On the drive home, with The Lumineers blaring, I had some time to think about the weekend, and one of the thoughts that crossed my mind was this: what if kids collect memories of family and security not because they're sheltered from the harsh realities, but because they experience them with their parents, along side their parents, watching and evaluating, and then responding and feeding off of how they respond. 

What if Judah and Eden and Zion hear, over and over, "we can't afford that" but still experience a great time with rocks, simple lakes, and free parks? What if while they color and draw the scene that passes outside their window, they overhear Mom and Dad discussing - arguing even - budgets and plans and schedules, then watch them kiss and laugh and reconcile? Doesn't that teach them how to argue? How to work through conflict? And how to find the simple joys amidst life's many limitations?

Doesn't that teach them how to be human?

I think so. I think it teaches them that Mom and Dad are fallible, that we make mistakes and seek forgiveness, and that we don't need money or gadgets or things to enjoy life and each other. I think it instills a sort of subconscious safety-net for their fragile minds that reminds them that no matter how much they fail or struggle or fall short, we're still here, that we're still a family, and as such, we're gonna go camping. 

In the future, if and when my kids do look back and remember the cranes, I don't want won't lie to them, I won't tell them they're not remembering it clearly or that they just need to remember the lake and mountains and "forget about the cranes." Because they were there. They were part of the scenery, part of the adventure, but we enjoyed the mountains and pumpkins anyway.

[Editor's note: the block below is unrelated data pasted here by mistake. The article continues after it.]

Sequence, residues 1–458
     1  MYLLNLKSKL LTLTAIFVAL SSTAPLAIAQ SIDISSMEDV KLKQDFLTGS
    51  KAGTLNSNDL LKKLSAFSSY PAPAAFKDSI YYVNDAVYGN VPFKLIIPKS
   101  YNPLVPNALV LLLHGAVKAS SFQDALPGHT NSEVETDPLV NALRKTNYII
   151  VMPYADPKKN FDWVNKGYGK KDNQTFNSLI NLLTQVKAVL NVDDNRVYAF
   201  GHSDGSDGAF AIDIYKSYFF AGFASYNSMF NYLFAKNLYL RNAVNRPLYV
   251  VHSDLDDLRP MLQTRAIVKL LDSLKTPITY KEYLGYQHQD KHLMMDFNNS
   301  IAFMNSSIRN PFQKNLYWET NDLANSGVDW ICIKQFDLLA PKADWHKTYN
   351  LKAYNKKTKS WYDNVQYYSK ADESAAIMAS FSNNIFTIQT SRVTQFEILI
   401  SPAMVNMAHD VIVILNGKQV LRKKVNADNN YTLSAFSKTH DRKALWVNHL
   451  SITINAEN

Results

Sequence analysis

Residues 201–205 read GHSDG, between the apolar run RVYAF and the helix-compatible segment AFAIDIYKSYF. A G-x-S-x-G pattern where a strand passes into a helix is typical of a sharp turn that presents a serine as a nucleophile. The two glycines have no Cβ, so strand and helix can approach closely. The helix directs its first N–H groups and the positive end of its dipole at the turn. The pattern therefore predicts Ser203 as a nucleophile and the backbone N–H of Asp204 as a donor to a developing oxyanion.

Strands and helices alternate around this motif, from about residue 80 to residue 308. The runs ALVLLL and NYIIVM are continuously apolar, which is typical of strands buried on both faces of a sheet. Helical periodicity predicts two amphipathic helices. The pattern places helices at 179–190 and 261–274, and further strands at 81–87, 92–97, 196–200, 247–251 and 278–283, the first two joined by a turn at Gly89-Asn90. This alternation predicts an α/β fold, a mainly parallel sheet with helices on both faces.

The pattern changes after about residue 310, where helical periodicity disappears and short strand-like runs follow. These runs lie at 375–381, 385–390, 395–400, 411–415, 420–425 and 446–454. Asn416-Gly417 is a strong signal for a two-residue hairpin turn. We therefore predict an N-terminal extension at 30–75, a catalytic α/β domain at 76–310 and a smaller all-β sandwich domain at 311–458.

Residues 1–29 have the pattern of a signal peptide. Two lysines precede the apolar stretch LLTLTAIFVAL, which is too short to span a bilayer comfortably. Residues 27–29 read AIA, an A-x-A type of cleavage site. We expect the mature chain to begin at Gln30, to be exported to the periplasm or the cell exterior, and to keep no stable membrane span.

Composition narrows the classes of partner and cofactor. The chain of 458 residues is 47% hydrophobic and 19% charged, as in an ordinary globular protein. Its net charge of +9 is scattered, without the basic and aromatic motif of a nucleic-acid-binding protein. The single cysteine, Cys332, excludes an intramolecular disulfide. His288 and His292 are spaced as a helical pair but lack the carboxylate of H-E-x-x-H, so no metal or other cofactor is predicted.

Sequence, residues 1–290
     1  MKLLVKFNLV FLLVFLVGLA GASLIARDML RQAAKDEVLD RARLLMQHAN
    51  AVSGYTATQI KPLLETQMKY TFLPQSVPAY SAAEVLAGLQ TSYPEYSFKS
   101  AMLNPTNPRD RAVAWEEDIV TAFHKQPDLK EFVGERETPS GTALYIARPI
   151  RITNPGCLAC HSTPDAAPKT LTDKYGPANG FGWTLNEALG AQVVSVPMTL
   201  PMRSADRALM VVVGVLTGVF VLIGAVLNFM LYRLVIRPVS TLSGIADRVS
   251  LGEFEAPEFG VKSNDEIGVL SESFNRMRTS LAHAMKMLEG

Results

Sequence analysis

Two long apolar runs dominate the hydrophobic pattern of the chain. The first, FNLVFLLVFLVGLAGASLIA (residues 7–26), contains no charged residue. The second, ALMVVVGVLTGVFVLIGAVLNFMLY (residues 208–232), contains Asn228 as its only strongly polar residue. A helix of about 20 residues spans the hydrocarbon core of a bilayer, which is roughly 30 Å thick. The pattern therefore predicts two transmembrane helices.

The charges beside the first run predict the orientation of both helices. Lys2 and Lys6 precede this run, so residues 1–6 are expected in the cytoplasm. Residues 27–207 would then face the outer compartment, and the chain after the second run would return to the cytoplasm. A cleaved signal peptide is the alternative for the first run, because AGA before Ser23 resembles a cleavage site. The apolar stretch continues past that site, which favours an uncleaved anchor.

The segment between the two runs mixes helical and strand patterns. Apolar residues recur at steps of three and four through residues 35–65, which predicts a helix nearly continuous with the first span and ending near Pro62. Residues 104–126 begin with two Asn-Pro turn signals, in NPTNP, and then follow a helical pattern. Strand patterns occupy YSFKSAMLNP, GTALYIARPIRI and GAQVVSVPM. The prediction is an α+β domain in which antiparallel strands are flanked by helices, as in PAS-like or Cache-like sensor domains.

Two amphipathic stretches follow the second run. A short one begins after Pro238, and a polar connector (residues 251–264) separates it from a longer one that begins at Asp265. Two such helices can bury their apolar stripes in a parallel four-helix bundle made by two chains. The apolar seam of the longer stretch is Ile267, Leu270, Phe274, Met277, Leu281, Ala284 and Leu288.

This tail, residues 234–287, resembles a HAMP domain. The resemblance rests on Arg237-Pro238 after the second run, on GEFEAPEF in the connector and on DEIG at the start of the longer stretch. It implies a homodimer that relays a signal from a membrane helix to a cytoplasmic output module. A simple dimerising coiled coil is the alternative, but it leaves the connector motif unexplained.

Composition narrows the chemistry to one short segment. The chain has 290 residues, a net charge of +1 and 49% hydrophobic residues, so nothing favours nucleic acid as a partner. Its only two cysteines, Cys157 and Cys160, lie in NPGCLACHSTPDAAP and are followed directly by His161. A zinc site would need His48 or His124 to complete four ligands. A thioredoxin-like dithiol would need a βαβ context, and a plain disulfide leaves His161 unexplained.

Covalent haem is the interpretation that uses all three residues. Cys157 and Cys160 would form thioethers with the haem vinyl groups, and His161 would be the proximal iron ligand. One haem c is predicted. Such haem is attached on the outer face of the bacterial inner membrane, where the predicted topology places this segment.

Because that's what families do.

 

For more on . . .

-N- Stuff  :  The Mountains have a Way  :  On Parenting

 

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Before bears hibernate and the kids move out

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My friend recently asked, "How's the house coming?" "Slowly, but deliberately," I told him, but that was only partially true because, in all honesty, it's not really going. In fact, it's crawling. Our lamps don't have shades, our kids are sleeping in sleeping bags, and up until yesterday, waffles were made by eyeing the measurements for ingredients - thanks friends for sending us measuring cups!

We don't have much, but we have enough. The desire though, to buy and build and make a home, to design rooms and decorate walls is infectious and, at times, pretty consuming.

It's how we spend our evenings, our weekends, and where we devote our thoughts and dreams until, suddenly, we stop it hits us; we're running out of time.

A few years ago, October 1st became a family holiday weekend, and with most of our kids never having see an American Fall, we planned to continue the tradition this year. But then the van needed work, the cupboards ached to be filled, and the pile of ungraded papers jeered and sneered and sat. So, on the Tuesday before we were supposed to go, we cancelled.

That night, standing outside the van and camper we'd just dropped off at Josey's parents, we argued about the week, the cancelled weekend, and why we even moved back to the States. We had hoped and dreamed for more family time and simple adventures together. Not garage sales and weekend projects. 

In an instant, under the dimming sky and beside a row of towering evergreens, I suddenly changed my mind. "Let's go," I said. "The camper may not work, but we have a tent, blankets, and a van that can get us there. Let's just go."

That quickly, the plans were back on. But by the next morning, once again, I had my doubts.

Then, this song came to mind:

What I love about this song is not the lyrics or the immediate significance, but the memory I have of when I first heard it. I was around ten and my dad had taken my brother and I fishing to some northern lake. We stayed in a truck camper, watched the Chicago Bulls win the NBA Finals over the Los Angeles Lakers in a bar that over looked the lake, and for the first time, ate hash browns and eggs, "a fisherman's breakfast." 

I remember asking what a silver spoon was and, even at the age of ten, feeling the weight and significance of wasted time and, more importantly, not being able to get it back.  

My son turned ten just the other day